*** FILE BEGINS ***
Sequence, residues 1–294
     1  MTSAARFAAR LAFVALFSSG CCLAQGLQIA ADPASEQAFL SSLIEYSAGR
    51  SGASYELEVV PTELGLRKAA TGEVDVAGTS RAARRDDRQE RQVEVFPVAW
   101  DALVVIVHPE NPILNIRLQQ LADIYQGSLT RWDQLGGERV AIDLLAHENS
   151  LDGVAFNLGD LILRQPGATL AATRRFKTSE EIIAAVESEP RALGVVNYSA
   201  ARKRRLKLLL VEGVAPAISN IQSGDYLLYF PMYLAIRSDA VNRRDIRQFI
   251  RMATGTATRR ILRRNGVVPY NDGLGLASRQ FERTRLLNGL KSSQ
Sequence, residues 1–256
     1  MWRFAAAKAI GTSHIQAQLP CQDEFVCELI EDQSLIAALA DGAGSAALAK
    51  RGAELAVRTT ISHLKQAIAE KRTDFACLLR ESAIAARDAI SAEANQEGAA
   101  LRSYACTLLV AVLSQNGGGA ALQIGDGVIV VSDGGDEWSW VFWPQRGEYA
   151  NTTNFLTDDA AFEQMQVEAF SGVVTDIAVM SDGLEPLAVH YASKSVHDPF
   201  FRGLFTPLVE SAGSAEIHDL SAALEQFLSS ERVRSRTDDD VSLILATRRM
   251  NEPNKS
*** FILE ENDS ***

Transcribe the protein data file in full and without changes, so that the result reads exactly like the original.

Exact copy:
Sequence, residues 1–294
     1  MTSAARFAAR LAFVALFSSG CCLAQGLQIA ADPASEQAFL SSLIEYSAGR
    51  SGASYELEVV PTELGLRKAA TGEVDVAGTS RAARRDDRQE RQVEVFPVAW
   101  DALVVIVHPE NPILNIRLQQ LADIYQGSLT RWDQLGGERV AIDLLAHENS
   151  LDGVAFNLGD LILRQPGATL AATRRFKTSE EIIAAVESEP RALGVVNYSA
   201  ARKRRLKLLL VEGVAPAISN IQSGDYLLYF PMYLAIRSDA VNRRDIRQFI
   251  RMATGTATRR ILRRNGVVPY NDGLGLASRQ FERTRLLNGL KSSQ
Sequence, residues 1–256
     1  MWRFAAAKAI GTSHIQAQLP CQDEFVCELI EDQSLIAALA DGAGSAALAK
    51  RGAELAVRTT ISHLKQAIAE KRTDFACLLR ESAIAARDAI SAEANQEGAA
   101  LRSYACTLLV AVLSQNGGGA ALQIGDGVIV VSDGGDEWSW VFWPQRGEYA
   151  NTTNFLTDDA AFEQMQVEAF SGVVTDIAVM SDGLEPLAVH YASKSVHDPF
   201  FRGLFTPLVE SAGSAEIHDL SAALEQFLSS ERVRSRTDDD VSLILATRRM
   251  NEPNKS